Robert Sherwood's "Best Moving Pictures" follows closely in the wake of Burns Mantle's "Best Plays", and through its own merit should attain the popularity of its older and more famous companion book. The author has long been associated with the moving picture departments of the New York "Herald" and "Life", and is perhaps as well qualified as anyone to edit a "year-book of the American screen". In fact he has brought out an interesting and intelligent handbook of the American movies, which, in its way, does for the moving picture public, what "the Best Plays" does for the theatre-going public.
Confronted with the impossibility of including in the volume excerpts from the moving pictures themselves, as Mantle includes selections from the written drama, Sherwood overcomes the obstacle by giving reviews of the different films, with the plots, casts of characters, and methods of production. In this manner he has taken sixteen representative photoplays of the season 1922-1923, which he considers the best of the field. It is, of course, the prerogative of anyone to quarrel with the choice of matter included in an anthology; but whether Sherwood's choice of the best movies meets with everyone's approval or not, the fact remains that he has made a discriminating selection, and his sixteen best photo-plays are as representative a group as could be made by anyone. The honorable mention list, too, is a valuable inclusion, and with the list of releases for the season, combines to give a complete review of all the films mad eduring 1922-1923.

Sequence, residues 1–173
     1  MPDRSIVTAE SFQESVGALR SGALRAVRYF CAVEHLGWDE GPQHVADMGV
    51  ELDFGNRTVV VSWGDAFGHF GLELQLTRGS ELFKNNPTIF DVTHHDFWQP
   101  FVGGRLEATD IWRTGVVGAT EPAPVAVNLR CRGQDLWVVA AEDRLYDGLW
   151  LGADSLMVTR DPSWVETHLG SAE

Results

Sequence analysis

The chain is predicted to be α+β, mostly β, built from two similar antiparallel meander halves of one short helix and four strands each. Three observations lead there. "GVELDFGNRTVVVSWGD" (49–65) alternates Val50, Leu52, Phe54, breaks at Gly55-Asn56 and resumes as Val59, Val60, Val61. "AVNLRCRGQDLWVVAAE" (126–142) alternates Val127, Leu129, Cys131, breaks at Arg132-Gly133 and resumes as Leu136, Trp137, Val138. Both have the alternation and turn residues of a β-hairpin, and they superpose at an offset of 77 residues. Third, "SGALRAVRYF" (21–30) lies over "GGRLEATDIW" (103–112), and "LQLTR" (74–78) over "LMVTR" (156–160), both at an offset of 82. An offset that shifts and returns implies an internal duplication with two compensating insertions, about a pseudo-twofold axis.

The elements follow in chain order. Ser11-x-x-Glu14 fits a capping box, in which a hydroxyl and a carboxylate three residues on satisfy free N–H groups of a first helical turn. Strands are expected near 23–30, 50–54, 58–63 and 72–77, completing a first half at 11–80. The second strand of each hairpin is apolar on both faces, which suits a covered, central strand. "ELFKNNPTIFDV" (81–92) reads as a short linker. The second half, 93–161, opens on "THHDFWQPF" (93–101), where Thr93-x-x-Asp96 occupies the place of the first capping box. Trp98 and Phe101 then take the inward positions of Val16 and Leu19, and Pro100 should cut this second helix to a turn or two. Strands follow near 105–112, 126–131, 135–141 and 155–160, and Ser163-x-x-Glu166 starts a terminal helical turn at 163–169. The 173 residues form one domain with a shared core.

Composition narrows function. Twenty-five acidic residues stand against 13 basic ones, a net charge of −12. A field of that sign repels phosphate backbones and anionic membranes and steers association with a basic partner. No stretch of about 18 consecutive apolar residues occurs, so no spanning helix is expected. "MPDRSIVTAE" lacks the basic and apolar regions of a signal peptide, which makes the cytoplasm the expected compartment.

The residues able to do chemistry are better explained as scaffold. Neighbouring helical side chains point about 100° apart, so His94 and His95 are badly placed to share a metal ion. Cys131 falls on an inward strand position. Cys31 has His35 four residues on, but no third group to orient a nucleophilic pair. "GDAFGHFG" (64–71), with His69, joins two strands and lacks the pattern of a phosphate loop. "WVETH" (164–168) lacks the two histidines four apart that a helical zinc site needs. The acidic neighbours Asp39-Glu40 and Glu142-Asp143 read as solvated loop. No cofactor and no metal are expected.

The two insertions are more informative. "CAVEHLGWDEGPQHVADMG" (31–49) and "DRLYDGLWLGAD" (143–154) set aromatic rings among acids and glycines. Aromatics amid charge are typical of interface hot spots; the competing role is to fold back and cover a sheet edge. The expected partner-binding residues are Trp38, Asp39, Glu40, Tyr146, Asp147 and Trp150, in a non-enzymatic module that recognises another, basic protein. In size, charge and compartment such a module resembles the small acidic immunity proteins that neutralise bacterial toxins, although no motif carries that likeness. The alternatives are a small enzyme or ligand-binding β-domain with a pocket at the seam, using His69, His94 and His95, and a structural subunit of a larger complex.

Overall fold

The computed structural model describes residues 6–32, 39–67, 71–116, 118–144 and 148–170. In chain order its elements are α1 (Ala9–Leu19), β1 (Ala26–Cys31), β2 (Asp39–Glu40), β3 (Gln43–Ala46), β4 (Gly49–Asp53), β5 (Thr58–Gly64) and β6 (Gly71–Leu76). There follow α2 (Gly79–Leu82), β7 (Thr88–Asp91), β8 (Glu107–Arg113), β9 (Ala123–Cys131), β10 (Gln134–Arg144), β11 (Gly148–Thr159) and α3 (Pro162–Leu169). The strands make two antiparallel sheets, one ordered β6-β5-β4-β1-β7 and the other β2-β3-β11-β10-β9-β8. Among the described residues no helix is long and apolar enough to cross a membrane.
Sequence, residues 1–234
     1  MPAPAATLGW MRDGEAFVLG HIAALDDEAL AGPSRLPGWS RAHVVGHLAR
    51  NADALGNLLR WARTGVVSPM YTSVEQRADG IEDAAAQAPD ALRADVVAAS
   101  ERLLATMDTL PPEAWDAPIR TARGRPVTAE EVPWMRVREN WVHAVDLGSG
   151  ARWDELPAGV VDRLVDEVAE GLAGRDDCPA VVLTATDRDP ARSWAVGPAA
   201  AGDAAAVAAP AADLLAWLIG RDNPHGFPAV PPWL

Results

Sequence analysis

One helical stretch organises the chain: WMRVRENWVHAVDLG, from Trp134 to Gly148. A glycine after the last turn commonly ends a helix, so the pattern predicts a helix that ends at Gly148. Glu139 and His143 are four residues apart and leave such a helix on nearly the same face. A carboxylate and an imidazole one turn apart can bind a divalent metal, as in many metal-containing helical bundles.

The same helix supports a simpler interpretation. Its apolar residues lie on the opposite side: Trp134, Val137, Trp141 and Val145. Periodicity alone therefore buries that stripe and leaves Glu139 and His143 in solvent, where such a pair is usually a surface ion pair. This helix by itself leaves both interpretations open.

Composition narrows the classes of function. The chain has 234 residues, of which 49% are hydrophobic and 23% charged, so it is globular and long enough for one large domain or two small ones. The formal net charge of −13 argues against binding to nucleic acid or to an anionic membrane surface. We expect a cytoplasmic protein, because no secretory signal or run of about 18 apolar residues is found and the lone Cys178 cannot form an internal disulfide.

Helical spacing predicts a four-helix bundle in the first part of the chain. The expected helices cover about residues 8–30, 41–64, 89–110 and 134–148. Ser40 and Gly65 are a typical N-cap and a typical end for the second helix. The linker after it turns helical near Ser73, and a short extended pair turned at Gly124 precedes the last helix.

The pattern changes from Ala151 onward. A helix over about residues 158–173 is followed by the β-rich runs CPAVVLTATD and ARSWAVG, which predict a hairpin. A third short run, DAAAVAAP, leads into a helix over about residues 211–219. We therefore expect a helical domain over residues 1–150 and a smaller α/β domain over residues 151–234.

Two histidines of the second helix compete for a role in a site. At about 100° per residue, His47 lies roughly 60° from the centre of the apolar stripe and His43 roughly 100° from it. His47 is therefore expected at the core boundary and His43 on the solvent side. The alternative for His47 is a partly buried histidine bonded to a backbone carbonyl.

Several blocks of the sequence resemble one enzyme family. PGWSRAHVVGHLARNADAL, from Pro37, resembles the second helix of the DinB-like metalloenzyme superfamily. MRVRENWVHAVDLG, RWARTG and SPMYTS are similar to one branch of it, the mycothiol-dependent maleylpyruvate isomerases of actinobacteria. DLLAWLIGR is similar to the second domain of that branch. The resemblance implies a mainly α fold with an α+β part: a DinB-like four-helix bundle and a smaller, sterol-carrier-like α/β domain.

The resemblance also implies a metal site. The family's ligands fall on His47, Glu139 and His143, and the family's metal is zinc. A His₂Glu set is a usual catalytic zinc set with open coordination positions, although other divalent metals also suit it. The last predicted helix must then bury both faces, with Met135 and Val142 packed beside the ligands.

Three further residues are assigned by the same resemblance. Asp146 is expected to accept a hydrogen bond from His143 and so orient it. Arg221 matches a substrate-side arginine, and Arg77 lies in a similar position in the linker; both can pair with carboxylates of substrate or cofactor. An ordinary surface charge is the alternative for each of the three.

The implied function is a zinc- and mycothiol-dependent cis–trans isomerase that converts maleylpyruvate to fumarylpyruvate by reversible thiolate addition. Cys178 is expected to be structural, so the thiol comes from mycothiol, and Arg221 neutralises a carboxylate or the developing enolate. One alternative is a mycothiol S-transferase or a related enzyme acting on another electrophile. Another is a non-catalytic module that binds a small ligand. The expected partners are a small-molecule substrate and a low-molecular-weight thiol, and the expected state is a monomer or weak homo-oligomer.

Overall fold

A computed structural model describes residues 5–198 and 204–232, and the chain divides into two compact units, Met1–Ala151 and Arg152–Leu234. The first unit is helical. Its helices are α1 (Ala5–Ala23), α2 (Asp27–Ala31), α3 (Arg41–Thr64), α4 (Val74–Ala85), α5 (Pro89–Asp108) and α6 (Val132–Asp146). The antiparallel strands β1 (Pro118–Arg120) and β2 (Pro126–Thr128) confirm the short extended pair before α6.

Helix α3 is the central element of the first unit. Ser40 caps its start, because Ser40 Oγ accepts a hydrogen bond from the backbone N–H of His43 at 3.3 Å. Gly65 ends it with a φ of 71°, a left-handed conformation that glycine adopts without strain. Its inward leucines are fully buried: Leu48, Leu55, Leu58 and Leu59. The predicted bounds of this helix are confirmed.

It's value as a "year-book of the American screen" is further enhanced by virtue of the last two hundred pages being a true mine of information on all subjects connected with motion picture production. Mr. Sherwood has listed a Who's Who, which is in fact, a Social Register of the screen, and probably just as exclusive. He has also appended a list of moving picture publications, a glossary of movie vocabulary, and various other things of interest to moving picture fans, as well as to students of the art of the motion picture.
Mr. Sherwood admits in his preface that there is something wrong with the movies, but that there is also a great deal that is good in them; and it is with the latter element that his book deals. For those desiring a more comprehensive and a more permanent record of American "movies" than can be found in the current photo-play magazines, "The Best Moving Pictures" forms a handbook and a book of reference entirely without rival in its field.